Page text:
According to a criminal complaint, Ray sent his mom a text message saying he wanted some of her posolé. She told him no.
    The complaint says the mother later found her gate and garage broken and a pot of the posole missing.
    Posolé, a hominy, is a traditional soup or stew made with pork or chicken popular in Mexico and the American Southwest.
     

  • Shelter Report 5-7-17

    The Los Alamos Animal Shelter, 226 East Road, (505) 662-8179, has a great selection of adoptable pets just waiting for their forever home, so come adopt your new best friend today! All adoptable pets are micro-chipped, spayed or neutered, and up-to-date on vaccinations. Shelter hours are 12–6 p.m. Monday through Friday, 11 a.m. – 4 p.m. Saturday, and 12–3 p.m. Sunday.
    Be sure to check out our website at lafos.org, where you can get more information about volunteering, adopting, and donating.
    CATS
    Mr. Whiskers—A big tabby cat that is about 4 years old. Changes are a bit stressful for him, so he will likely need a little bit of time to adjust to his new home. He can be independent, but he’s also very sweet and likes to snuggle when he’s in the mood! He is OK with mellow cats, but other dominant males sometimes bother him.

  • Garden Club awards scholarship

    The Los Alamos Garden Club ‘s 2017 scholarship recipient is Madeline Makenzie Beck.
    The club chose Beck as she is an exceptionally well-rounded student, with excellent grades and many athletic achievements.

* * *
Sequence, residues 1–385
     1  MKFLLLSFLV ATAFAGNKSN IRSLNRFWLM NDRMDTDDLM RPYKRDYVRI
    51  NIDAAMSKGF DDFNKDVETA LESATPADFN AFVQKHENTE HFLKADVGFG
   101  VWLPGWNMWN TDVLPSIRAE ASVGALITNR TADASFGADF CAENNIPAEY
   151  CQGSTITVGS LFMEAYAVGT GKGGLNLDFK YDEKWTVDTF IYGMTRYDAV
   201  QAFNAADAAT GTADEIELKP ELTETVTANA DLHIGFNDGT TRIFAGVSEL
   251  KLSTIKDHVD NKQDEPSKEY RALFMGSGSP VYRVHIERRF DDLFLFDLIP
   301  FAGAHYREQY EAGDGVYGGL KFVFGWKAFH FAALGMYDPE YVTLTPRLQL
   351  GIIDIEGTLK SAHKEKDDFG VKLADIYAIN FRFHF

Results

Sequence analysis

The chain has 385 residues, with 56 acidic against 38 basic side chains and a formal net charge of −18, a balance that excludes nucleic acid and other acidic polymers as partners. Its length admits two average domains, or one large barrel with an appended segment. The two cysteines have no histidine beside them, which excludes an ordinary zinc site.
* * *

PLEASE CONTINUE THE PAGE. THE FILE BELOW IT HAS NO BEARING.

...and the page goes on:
Additionally, Beck is a volunteer in community service organizations such as the Special Olympics, the Nature Center and Reaching Through Reading.
    The club particularly appreciated her environmental efforts in the Los Alamos High School ECO Club and her own home garden. They wished her continued success as she pursues her course of study in Exercise Science at Montana State University.

  • County issues should stir healthy discussion

    My name is Greg White and this series of articles will cover three issues that the County Council hopefully will be discussing and acting on in a positive manner over the next several months. The first I’m sure they will, the next two can head off litigation. The first is a rewrite of the proposed immigrant resolution proposed by Councilor Pete Sheehey. The second is what will the council decide about the sheriff’s office. And the last is the legal status of appointing a county employee to an elected position, namely appointing the county manager as the county treasurer.
    I hope my articles will spur healthy and respectful discussion and encourage people to come to council meetings to make their voices heard, again in a civil and respectful way. Which may be best accomplished by the council changing it’s rules on public comment to allow five minutes per person as it’s hard no matter how concise you try to be to actually convey feelings in three minutes. Three minutes works for boxers, ever try boxing it’s a whole lot more tiring than it looks, but I always find myself running out of comment time about 30 seconds from finishing no matter how much I rehearse.